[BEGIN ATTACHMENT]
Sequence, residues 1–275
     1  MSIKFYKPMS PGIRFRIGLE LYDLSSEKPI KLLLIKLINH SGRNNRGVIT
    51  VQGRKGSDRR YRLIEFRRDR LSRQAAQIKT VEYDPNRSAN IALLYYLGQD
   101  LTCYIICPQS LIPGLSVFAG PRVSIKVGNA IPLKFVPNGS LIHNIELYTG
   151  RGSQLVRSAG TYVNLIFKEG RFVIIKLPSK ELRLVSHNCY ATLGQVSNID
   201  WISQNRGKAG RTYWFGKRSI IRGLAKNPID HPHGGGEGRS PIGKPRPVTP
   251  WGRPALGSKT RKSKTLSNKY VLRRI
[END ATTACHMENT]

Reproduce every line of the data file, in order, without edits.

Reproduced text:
Sequence, residues 1–275
     1  MSIKFYKPMS PGIRFRIGLE LYDLSSEKPI KLLLIKLINH SGRNNRGVIT
    51  VQGRKGSDRR YRLIEFRRDR LSRQAAQIKT VEYDPNRSAN IALLYYLGQD
   101  LTCYIICPQS LIPGLSVFAG PRVSIKVGNA IPLKFVPNGS LIHNIELYTG
   151  RGSQLVRSAG TYVNLIFKEG RFVIIKLPSK ELRLVSHNCY ATLGQVSNID
   201  WISQNRGKAG RTYWFGKRSI IRGLAKNPID HPHGGGEGRS PIGKPRPVTP
   251  WGRPALGSKT RKSKTLSNKY VLRRI